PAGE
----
Allene Nichols

Contributor Biography

Allene Nichols is an avid teacher, writer, backpacker and photographer. Her poetry has appeared in many journals and anthologies, including: Veils, Halos, and Shackles and Impossible Archetype. She is currently an Assistant Professor of English/Teacher’s Education at Mississippi University for Women. Her blog is at https://allenen.wordpress.com/author/allenen/.

Losing Home

Home was a house with wood floors and a tree painted on his wall. Home was where he woke and where he walked and where all adventures began and ended. And then it was gone.


I tried to be home to him, the thing to which he could always return. Through four moves and four cheap apartments, nothing stayed the same. Except me. And even I could be mercurial.


So he sold pens in exchange for souls. He wrote dark poetry and refused to use the school bathroom. He had his own fan club, with a president, and a song. Sometimes I think he glimpsed home in these.


He begged them not to sell the home of his childhood memories, where adoring grandparents hung ornaments on the Christmas tree and took pictures of him hiding behind chairs and sleeping in laps.


Then he started looking further back, to ancestors who spoke words he will never hear and fought and died for causes that no longer matter. Where they lived matters more to him than when or how.


When home is ripped from you like a band-aid, leaving a gaping wound that will not heal, you will cross oceans of water and imagination and history to cling to the one place you could have loved.

Noelle Q. de Jesus

Contributor Biography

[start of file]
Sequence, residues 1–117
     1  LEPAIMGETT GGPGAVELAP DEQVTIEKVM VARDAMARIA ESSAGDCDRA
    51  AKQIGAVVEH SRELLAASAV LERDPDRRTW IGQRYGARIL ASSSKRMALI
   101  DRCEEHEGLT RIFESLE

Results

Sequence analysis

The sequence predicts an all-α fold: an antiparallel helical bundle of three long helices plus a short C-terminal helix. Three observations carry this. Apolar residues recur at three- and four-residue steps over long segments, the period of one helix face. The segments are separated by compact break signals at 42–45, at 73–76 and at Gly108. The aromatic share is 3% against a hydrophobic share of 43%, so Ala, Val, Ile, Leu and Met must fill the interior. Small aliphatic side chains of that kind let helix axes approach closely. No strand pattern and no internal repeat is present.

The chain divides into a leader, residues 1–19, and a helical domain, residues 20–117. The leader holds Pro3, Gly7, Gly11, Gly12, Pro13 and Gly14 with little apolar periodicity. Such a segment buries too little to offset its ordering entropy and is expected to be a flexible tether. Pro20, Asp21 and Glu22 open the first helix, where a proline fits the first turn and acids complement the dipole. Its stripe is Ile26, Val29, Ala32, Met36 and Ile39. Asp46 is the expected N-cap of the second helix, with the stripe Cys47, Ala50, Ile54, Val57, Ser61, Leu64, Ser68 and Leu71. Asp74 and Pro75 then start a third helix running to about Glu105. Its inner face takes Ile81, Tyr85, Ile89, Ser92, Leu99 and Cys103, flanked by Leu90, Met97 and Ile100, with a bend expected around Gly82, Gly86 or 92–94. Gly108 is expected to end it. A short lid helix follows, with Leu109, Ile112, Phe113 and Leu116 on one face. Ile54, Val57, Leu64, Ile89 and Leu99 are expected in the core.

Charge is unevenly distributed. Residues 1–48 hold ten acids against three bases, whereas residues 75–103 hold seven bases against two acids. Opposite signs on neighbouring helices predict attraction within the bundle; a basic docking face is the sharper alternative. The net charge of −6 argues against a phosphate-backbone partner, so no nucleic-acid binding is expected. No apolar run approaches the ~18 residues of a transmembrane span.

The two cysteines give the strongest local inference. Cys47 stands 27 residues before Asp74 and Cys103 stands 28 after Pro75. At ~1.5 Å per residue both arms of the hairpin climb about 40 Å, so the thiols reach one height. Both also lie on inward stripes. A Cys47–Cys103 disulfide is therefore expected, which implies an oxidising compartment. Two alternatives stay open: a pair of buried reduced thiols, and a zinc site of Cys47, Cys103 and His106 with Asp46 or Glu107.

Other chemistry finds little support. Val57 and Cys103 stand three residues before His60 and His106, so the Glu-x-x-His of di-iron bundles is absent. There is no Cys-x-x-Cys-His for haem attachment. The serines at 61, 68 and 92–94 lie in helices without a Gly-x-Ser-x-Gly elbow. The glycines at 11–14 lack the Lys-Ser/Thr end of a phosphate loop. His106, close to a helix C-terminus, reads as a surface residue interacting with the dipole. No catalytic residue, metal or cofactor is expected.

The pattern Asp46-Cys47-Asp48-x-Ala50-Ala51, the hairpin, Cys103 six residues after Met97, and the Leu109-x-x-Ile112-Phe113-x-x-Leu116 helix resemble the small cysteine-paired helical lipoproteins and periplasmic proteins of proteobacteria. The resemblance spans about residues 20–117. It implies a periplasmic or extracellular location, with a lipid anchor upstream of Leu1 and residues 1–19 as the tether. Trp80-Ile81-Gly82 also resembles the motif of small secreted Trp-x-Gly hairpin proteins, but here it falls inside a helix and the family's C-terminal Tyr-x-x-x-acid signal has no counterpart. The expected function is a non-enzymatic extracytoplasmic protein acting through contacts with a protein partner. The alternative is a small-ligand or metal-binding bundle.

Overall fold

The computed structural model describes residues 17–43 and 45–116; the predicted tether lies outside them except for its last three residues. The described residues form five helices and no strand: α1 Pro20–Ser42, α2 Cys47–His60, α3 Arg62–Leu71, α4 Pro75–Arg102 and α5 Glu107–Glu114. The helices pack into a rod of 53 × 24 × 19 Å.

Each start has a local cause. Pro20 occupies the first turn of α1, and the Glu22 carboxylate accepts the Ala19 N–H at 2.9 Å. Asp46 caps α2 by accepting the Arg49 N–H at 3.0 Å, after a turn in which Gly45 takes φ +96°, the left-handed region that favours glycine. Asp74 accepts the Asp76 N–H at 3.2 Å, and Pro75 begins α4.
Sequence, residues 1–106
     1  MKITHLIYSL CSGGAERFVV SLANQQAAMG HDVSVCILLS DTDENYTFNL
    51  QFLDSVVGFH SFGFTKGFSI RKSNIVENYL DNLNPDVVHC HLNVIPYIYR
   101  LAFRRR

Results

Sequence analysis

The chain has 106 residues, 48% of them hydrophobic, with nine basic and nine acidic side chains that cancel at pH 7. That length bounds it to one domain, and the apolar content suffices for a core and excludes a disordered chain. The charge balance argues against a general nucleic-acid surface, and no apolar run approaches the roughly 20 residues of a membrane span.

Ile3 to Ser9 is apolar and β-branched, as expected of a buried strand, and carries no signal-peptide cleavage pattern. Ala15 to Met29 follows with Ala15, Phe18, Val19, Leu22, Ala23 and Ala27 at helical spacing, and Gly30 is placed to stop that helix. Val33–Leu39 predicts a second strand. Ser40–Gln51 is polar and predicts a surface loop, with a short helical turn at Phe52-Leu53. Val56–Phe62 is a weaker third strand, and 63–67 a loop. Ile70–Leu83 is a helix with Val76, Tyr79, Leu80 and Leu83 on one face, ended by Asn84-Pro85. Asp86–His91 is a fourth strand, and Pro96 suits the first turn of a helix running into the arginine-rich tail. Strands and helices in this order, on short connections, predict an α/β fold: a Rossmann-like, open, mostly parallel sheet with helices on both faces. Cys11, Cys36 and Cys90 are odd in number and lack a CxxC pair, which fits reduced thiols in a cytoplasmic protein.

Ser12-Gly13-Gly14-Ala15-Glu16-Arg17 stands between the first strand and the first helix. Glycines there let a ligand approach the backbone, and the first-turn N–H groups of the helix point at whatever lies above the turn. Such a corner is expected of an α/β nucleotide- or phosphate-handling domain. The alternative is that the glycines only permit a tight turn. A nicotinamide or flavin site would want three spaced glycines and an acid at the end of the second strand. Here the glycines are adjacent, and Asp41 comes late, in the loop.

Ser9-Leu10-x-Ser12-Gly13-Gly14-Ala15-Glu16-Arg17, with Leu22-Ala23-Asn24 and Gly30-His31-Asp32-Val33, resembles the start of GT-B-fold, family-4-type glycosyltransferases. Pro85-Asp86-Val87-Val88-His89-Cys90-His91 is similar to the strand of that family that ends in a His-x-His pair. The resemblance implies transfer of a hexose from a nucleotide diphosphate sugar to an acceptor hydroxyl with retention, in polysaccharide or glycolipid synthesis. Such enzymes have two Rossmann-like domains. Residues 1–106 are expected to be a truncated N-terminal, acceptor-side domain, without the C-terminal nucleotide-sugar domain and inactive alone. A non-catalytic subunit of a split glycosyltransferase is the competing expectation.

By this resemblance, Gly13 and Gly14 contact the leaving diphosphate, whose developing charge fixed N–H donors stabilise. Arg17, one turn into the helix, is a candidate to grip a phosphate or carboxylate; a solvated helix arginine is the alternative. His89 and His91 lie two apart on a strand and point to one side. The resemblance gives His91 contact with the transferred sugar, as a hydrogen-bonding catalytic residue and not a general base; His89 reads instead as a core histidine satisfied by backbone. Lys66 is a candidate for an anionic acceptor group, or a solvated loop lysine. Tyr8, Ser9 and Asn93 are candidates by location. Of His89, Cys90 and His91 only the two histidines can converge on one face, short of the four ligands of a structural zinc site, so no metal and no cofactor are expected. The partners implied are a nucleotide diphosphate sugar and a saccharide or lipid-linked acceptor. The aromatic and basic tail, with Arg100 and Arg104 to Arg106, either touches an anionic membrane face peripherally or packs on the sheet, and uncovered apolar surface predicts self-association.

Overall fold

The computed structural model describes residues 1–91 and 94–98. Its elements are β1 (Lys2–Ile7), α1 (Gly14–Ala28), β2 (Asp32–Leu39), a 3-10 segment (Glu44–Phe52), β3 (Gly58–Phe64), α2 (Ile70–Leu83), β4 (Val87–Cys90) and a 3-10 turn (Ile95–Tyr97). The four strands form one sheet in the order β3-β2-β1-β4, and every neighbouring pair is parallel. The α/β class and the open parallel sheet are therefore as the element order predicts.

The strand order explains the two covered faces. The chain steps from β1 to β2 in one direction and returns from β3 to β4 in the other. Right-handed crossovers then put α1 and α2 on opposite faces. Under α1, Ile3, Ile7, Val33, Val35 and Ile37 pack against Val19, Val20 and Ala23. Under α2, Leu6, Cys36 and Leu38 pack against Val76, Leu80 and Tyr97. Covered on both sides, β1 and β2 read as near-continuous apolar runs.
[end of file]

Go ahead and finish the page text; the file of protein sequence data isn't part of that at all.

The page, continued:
Noelle Q. de Jesus writes fiction and is the author of two short story collections, Blood Collected Stories (Ethos Books Singapore, 2015), for which a French translation by Patricia Houefa Grange was published this year by Editions Do, and Cursed and Other Stories (Penguin Random House SEA, 2019). The year of the pandemic brought work on her first novel to a halt, but it appears, she has written some poetry. Noelle was born in New Haven Connecticut, was raised in Manila in the Philippines, but has lived in Singapore for the last two decades and considers it home. She and her husband, who also writes, have raised a daughter and a son. Noelle works as freelance editor and copywriter, and she has an MFA in Fiction from Bowling Green State University.

PERMISSION

Sip after sip, stories are uncorked 
this way from wine bottles, from there flow 
heady remembrances and sudden tears
tastes bittersweet, pungent, awakening
as stars rise and shine on dark nights
and make visits home amazing, lifted
by the multitude of tales, clarified, finally, parsed, 
unpacked in intoxicating shots laced with gossip 
through lowered tones, secrets are drunk, telling
of the way things took place, what really happened
falls fast from tongues of women, kin and close, 
kindred and far, why they fall, so easily, scattered
even while they struggle to steady, you focus
the spirit, hide your clapping ears, make efforts not 
to show surprise, keep eyebrows calm and exclamations, unexpressed,
instead wildly wishing for a pen and paper, you squeeze
tight the tale and commit it to flawed, faulty memory.

And then later, much later, when eyes begin to
fail, when tongues tire and faculties flag, 
that’s the time to ask